DUP MLA fails in bid to have debt set aside

David McIlveen
David McIlveen

A Democratic Unionist MLA has failed in a High Court bid to set aside a £27,000 debt owed over an estate agency franchise.

David McIlveen was seeking to nullify a claim against him over personal loan agreement with Ulster Property Sales.

As part of his dispute against the debt it was contended that he was pressurised into signing the loan agreement under the threat of bankruptcy which would cost him his political career.

But a judge concluded that substantial grounds for granting his application had not been demonstrated.

In a newly published ruling Master Kelly said: “With his professional background, one would have expected the applicant - perhaps more than most - to understand the serious nature of contracts, whether they take the form of loan agreements or franchise agreements.”

Mr McIlveen and a business partner obtained a franchise for a UPS branch in Ballymena, Co Antrim in 2007. An annual fee of £7,500 allowed the use of the company’s name, branding and promotional material.

But within months of beginning trading Northern Ireland’s property market crashed. By 2010 the branch had accumulated a debt to UPS of up to £75,000, the court heard.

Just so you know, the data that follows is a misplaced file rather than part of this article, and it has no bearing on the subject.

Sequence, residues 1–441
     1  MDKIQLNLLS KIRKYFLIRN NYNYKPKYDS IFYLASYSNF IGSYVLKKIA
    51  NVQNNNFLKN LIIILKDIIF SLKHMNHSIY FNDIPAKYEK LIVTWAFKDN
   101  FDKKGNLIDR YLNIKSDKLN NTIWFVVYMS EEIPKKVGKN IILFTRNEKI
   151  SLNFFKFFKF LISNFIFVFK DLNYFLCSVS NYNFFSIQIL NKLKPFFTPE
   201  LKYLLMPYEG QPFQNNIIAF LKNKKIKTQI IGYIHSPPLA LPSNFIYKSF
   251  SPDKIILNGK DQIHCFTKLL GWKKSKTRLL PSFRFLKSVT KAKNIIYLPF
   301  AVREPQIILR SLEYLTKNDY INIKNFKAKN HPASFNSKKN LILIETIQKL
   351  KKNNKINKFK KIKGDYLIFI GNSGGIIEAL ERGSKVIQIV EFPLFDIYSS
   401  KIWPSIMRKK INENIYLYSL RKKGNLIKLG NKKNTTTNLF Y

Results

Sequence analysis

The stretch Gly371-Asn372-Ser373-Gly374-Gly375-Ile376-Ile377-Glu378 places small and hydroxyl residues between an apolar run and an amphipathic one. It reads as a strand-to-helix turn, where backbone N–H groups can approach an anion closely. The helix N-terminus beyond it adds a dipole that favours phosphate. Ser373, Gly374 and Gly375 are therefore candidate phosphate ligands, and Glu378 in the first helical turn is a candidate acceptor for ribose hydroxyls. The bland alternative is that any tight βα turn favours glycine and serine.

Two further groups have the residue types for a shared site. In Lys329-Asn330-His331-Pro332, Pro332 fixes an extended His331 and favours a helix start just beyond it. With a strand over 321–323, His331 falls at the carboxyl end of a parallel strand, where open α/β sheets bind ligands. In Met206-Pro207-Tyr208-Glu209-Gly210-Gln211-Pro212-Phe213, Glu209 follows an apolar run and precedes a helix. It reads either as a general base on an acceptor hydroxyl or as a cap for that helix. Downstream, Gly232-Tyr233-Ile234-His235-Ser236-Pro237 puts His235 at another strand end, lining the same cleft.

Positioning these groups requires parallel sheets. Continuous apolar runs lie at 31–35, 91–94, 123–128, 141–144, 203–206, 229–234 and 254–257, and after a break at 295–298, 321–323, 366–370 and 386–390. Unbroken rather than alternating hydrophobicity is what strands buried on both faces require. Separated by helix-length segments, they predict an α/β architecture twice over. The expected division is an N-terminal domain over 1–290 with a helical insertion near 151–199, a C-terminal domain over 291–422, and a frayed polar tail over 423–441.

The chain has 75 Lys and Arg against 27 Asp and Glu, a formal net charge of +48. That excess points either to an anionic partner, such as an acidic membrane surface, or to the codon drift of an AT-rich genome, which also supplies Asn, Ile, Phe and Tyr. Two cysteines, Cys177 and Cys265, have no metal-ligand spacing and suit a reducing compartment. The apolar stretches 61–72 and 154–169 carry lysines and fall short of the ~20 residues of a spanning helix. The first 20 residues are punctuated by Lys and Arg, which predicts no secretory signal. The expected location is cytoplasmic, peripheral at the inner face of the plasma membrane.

At around this time Mr McIlveen decided to stand for election in the 2011 Assembly elections.

He informed UPS of his plans and set out an “exit strategy” which, according to the judge, involved addressing the debt.

In May 2011 Mr McIlveen was elected as an MLA for North Antrim. An agreement was reached on the debt, with the court hearing that UPS granted him a loan, including interest, of more than £35,000.

It was to be repaid by 72 monthly instalments of £500.

Although Mr McIlveen made 16 payments these ceased, apparently without notice, the court was told.

A statutory demand was then served on the MLA, a move he sought to have set aside. He denied that he agreed to be liable for the central overhead costs when he entered into the UPS Ballymena franchise agreement. But rejecting his case, Master Kelly said there was no evidence that UPS threatened him with bankruptcy, other than serving the statutory demand on him.

“It seems to me, therefore, that any perceived pressure experienced by the applicant was caused by his own personal decision to stand for selection as an MLA in forthcoming elections,” she said.

Master Kelly added: “I also cannot overlook the fact that the applicant was at the relevant time a professional man engaged in business activity conducted almost entirely by contract.

“One would not, I think, have expected someone in the applicant’s position to agree to repay a debt he disputed.

“Nor would one expect him to agree to a loan facility to repay a debt he disputed.”

Refusing the application, she confirmed: “For the reasons given I conclude that the applicant has not demonstrated that the debt which is the subject of his statutory demand is disputed on grounds which are substantial.”